New Cable Car to Be Built Across the Thames for Olympics

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You can't drive to London's 2012 Olympics this summer unless you are a VIP, but you may be able to take a cable car. The new cable car system will be 1 km. long and will span the Thames River in the eastern part of the city. The view will be amazing.

Up to 2,500 people will be able to use the cable cars every hour — the equivalent of 30 buses. A pod will leave every 30 seconds. It will take spectators between the O2 centre on one side where Olympic gymnastics and basketball finals are held, to across the river to the ExCel centre which will be a venue for seven Olympic events and six Paralympic sports.

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Three steel pillars almost 100 metres tall have already been erected. They will support the 34 gondolas as they cross the river.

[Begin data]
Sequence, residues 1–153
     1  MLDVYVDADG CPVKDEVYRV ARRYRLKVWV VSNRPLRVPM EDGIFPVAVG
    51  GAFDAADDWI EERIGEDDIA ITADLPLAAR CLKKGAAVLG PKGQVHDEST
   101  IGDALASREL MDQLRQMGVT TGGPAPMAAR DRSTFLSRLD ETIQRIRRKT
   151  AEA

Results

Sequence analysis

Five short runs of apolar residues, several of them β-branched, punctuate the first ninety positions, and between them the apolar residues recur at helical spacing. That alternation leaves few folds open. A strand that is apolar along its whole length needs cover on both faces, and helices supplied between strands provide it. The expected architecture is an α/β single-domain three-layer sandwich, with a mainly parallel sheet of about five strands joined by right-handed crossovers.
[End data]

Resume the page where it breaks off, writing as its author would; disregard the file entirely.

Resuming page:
It will be known as the Emirates Air Line because of a £36 million sponsorship deal with the Dubai air line.

The cable car will carry up to two million people a year. It is not yet known what a trip will cost, but it will definitely be payable by Oyster, the pay-as-you go card.

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It's not cheap, of course nothing Olympic ever is. The cost of the project has soared from an estimated £25million last year to £60m now and still counting. As for record breaking firsts: it's the first urban cable car in the UK and the most expensive of its kind in the world.

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How green is a cable car?

Well, it will take the place of driving and will be much faster. It is bicycle friendly and wheel chair accessible. Cable cars are a low emission form of transport. It is an addition to a public transport system. The system will also encourage regeneration of the eastern part of London.

Tags: Carbon Footprint | Environmental Footprint | London | Olympics | Transportation